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You don’t need a pitchfork and demons, just take someone away from someone they love – that’s enough

You don’t need a pitchfork and demons, just take someone away from someone they love – that’s enough

Yesterday I posted about the first four Romantic Comedy Beats, as defined by Billy Mernitt: the Set Up hookup bars Shreveport, the Meet Cute, the Sexy Complication and the Hook.

In When Harry Met Sally, it’s when the two of them have sex – re-introducing the theme that men and women can’t be friends

  1. Swivel: Second Turning-point

This is the moment after the hero and heroine have become closer, when their conflict comes back again, in a different form. In Prudence, it’s a new conflict: Ace turns out to have an old flame, Berenice, who’s coming to visit him. This is also a reiteration of the old conflict, because Berenice is everything Prudence is not: driven, successful, glamorous and very very humourless. If Prudence is Ace’s opposite, Berenice is terrifyingly suitable (this is often a device with Mr/Mr Wrong).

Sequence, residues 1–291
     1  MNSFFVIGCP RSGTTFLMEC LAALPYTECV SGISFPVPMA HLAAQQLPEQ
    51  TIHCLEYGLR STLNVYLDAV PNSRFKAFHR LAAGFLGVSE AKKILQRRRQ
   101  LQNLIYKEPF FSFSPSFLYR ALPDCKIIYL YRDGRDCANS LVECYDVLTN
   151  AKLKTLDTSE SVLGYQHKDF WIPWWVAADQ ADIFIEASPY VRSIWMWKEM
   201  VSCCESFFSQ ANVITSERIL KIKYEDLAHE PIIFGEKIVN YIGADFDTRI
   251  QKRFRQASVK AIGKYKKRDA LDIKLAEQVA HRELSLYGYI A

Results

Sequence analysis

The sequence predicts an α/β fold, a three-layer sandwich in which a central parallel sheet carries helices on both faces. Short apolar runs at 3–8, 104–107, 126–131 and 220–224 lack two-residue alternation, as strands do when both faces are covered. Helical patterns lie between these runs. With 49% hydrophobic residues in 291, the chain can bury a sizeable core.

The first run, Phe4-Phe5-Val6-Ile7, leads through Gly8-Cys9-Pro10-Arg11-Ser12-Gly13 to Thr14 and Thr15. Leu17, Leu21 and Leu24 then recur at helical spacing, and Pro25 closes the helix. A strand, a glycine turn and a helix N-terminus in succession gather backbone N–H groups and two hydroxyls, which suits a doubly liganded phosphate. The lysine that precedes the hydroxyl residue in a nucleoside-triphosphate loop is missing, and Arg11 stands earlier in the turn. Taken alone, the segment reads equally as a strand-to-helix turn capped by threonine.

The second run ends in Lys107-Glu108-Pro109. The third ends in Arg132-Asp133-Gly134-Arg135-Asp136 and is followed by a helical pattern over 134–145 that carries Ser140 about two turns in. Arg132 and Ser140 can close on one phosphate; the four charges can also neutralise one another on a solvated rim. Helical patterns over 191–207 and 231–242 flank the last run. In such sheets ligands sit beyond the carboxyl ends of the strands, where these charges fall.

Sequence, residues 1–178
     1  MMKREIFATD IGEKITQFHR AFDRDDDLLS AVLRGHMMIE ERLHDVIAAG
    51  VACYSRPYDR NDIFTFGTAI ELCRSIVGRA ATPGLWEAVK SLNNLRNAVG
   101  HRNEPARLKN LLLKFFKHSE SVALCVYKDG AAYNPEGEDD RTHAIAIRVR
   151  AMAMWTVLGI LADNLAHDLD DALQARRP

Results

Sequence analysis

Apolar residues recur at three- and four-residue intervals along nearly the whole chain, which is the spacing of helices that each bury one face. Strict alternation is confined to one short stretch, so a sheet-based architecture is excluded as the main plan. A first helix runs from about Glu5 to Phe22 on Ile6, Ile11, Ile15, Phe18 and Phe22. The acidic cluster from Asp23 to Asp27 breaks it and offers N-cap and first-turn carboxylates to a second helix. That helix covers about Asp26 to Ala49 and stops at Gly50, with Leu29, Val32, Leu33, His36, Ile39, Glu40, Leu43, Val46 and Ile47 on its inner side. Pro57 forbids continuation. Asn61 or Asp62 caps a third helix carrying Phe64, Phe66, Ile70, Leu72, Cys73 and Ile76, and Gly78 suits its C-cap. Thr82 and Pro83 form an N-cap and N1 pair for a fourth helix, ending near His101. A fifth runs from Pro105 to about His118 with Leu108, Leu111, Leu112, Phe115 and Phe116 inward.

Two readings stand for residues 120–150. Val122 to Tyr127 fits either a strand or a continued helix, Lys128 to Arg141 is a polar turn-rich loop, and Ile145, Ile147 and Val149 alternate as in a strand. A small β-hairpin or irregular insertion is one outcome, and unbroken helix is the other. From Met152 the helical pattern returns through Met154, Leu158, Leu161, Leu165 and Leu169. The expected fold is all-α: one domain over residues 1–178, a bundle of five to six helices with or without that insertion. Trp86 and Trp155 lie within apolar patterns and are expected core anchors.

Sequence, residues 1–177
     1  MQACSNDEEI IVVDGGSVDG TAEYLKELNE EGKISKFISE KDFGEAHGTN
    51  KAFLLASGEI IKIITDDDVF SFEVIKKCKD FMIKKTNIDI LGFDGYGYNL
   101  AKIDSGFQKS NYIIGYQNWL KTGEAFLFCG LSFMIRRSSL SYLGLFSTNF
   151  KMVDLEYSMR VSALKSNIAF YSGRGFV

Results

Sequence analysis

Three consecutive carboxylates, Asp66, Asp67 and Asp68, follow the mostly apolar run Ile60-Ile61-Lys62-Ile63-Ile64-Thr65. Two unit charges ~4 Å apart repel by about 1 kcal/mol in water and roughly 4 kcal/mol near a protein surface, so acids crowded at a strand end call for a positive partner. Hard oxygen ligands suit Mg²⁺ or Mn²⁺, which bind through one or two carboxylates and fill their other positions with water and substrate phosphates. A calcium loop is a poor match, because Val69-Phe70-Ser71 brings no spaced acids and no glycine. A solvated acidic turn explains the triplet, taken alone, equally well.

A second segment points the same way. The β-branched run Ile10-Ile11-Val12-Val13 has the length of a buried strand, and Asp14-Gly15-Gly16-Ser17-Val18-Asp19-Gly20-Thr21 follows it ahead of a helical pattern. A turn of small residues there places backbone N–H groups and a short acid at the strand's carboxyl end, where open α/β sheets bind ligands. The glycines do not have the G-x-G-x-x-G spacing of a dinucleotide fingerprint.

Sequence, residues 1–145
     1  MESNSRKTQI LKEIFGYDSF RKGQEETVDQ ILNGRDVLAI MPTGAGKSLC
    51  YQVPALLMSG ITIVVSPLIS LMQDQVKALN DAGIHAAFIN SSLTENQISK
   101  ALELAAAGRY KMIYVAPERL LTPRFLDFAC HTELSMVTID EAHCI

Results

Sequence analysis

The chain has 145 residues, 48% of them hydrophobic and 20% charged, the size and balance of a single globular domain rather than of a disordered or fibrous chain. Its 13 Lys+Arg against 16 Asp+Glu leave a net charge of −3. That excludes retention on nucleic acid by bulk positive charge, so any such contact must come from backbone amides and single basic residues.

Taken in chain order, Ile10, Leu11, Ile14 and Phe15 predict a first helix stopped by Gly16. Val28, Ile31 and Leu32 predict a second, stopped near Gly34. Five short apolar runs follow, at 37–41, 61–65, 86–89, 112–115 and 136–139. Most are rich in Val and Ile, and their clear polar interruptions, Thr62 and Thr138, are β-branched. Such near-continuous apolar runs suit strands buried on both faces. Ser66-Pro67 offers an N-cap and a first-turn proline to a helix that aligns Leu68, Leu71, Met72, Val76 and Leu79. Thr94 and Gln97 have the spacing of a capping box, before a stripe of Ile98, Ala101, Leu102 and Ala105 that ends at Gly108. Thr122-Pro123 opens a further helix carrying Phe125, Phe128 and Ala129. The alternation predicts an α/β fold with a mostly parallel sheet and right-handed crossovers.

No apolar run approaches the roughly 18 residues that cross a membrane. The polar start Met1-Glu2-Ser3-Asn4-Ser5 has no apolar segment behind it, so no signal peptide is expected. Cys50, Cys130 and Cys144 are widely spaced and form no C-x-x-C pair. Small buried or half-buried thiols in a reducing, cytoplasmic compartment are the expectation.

Note: Jilly Cooper always has a scene, before this second midpoint, where the hero and heroine have an idyllic day together. Nothing romantic has happened yet, necessarily, but they get away from all the other characters and share their innermost hopes and dreams. I love this device so much that I shamelessly borrowed it in The Out of Office Girl, with Alice and Sam’s day out at the beach. Then you can plunge them down to earth with a new iteration of the conflict. In the case of Alice and Sam, it’s a surface misunderstanding that’s really about the deeper conflict between them (see my previous post on Inner and Outer Conflicts). (далее…)